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You may be the type of classic car obsessive that lives in a retro bubble and never comes up for air, blissfully unaware of the outside world and rarely glancing up from your pot of Swarfega. If that’s you; hi there, thanks for reading, but please remember to feed yourself and check in with your loved ones once in a while. The slightly more well-adjusted amongst us may take a passing interest in the current motor industry. I take a vague interest, but mainly only to reinforce my own confirmation bias. However, you’d have to have been living with your head in a cardboard box to be completely unaware of this year’s big news from Land Rover. They’ve just launched their hotly anticipated new Defender at the Frankfurt Motor Show, and in some quarters it has been more eagerly awaited than the second coming of the actual Messiah. ViaRETRO’s invitation to the launch obviously got lost in the post, so I’ve monitored the situation from a distance. That suits me fine because the thought of padding the carpet at Frankfurt isn’t top of my list of things to do in the Rheinland, but I’ll admit a curiosity regarding the reactions of others.

For several years, the usual internet forums have been clogged with speculation tracking every stage of the new Defender’s gestation. Grabbed shots of heavily camouflaged prototypes have sparked endless debate, which can be summarised as one side demanding that it would only be a proper Land Rover if it exactly replicated their own highly bastardised Series III, whilst the other side salivated at the prospect of how shiny the new shiny thing would be. Neither side had any more actual visibility of the forthcoming model than a mole rat, but religiously clung to their convictions like glue, regardless. I can’t pick a side in this debate, because whilst I’d run a mile from the lease jockey social climbers, I wouldn’t want to be stuck in a lift with the hardcore “off road” enthusiasts either. I’ve been known to roll around in a 4×4, but at no point did I feel the need for a lift kit, hefty winch, strategically riveted checkerplate or roof mounted Ring spotlamps. I have never bulk purchased “One Life Live It” stickers and I don’t have a CB radio call sign. I don’t have a fixation with theoretically being able to hose out my car’s interior, because for multiple good reasons literally nobody has ever done this more than once. My greatest crime would be to have recognised that other than in statistically insignificant cases of extremis, other brands of 4×4 do the same job more cheaply and reliably.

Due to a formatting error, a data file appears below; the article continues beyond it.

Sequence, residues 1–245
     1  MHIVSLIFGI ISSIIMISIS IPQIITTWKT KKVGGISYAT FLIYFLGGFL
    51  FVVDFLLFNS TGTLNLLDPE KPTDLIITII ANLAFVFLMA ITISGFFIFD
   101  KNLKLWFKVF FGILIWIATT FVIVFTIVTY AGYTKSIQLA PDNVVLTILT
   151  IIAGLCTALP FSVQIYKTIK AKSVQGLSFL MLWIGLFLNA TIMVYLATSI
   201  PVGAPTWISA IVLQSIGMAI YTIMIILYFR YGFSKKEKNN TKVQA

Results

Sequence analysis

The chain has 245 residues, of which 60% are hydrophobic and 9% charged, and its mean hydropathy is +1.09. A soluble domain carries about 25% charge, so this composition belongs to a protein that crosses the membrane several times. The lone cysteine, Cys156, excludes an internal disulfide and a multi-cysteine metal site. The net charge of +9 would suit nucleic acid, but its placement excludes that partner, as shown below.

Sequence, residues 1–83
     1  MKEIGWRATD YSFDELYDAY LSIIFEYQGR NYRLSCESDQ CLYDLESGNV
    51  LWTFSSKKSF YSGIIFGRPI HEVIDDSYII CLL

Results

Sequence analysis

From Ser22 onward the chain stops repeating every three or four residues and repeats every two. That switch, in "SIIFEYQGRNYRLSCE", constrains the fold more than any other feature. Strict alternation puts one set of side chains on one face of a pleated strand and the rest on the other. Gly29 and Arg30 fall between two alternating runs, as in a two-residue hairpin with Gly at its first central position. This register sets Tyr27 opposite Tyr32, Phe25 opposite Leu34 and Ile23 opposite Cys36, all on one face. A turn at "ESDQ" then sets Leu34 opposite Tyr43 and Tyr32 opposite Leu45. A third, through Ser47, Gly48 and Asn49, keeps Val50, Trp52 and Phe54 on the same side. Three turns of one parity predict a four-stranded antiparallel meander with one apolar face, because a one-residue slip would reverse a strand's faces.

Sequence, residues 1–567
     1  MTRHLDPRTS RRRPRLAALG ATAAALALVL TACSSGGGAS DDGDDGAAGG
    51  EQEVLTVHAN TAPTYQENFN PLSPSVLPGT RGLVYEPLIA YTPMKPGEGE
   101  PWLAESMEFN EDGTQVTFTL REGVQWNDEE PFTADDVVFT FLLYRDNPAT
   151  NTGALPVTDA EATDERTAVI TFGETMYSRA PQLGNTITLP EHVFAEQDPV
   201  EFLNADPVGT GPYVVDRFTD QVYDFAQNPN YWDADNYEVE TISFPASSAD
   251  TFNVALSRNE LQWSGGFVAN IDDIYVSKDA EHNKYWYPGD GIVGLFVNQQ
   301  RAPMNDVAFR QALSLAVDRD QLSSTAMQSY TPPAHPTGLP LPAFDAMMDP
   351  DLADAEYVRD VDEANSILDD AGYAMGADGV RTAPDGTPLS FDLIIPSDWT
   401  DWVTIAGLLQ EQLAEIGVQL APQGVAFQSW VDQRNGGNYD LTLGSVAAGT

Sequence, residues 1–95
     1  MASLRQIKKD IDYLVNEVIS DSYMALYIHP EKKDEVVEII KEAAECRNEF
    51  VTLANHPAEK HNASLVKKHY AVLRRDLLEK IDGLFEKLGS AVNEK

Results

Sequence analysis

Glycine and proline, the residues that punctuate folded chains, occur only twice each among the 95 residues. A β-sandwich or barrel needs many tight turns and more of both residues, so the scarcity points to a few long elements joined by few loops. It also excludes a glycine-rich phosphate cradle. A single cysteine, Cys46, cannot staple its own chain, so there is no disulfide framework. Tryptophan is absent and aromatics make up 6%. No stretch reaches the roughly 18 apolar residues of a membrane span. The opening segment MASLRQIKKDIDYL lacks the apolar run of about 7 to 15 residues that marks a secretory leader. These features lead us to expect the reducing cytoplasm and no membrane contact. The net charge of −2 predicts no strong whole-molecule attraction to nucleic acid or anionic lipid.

Could all that camouflage be hiding a perfectly retro design which is entirely true to the “proper Land Rover” heritage?

The hardcore mob may be tedious buffoons, but more critically for them their blinkered view of what defines a “proper Land Rover” has made them irrelevant to the very company they worship. Land Rover can’t afford to cater for the whims of a tiny niche of swamp people who won’t ever put the money down on a brand new one. The cheapest new Defender 110 starts at £45,240. There won’t be many getting bumped around the pay-and-play at that sort of price. So with the hardcore getting het up about axle articulation and not being able to straighten the wings with a crowbar, the real target market for Land Rover has taken a more real world view. The aspiring middle classes, especially awful urban dwellers with faux-country pretentions, will doubtless love what they see. The new Defender is so on-trend and slots right into Land Rover’s range of multiple similar variations on a theme. It’s not meant to sell to farmers or the offroad scruff bags, it’s for accountants in Amersham and surgeons in Shanghai. No competent management structure would chase a low margin and low volume sector when the market offers a significantly more profitable opportunity.